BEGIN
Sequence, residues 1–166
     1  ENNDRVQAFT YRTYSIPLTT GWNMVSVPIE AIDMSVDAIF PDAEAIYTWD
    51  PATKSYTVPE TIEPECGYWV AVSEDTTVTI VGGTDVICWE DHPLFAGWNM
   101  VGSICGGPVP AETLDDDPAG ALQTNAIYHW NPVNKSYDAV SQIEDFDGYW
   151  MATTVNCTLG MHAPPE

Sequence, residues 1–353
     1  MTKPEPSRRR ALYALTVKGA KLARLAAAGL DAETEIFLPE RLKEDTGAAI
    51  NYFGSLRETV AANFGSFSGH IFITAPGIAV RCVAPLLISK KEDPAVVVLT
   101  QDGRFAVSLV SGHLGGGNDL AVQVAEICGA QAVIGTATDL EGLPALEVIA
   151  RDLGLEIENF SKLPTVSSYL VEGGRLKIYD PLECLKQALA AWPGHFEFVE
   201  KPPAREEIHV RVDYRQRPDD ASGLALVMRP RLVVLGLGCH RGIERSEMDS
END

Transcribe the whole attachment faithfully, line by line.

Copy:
Sequence, residues 1–166
     1  ENNDRVQAFT YRTYSIPLTT GWNMVSVPIE AIDMSVDAIF PDAEAIYTWD
    51  PATKSYTVPE TIEPECGYWV AVSEDTTVTI VGGTDVICWE DHPLFAGWNM
   101  VGSICGGPVP AETLDDDPAG ALQTNAIYHW NPVNKSYDAV SQIEDFDGYW
   151  MATTVNCTLG MHAPPE

Sequence, residues 1–353
     1  MTKPEPSRRR ALYALTVKGA KLARLAAAGL DAETEIFLPE RLKEDTGAAI
    51  NYFGSLRETV AANFGSFSGH IFITAPGIAV RCVAPLLISK KEDPAVVVLT
   101  QDGRFAVSLV SGHLGGGNDL AVQVAEICGA QAVIGTATDL EGLPALEVIA
   151  RDLGLEIENF SKLPTVSSYL VEGGRLKIYD PLECLKQALA AWPGHFEFVE
   201  KPPAREEIHV RVDYRQRPDD ASGLALVMRP RLVVLGLGCH RGIERSEMDS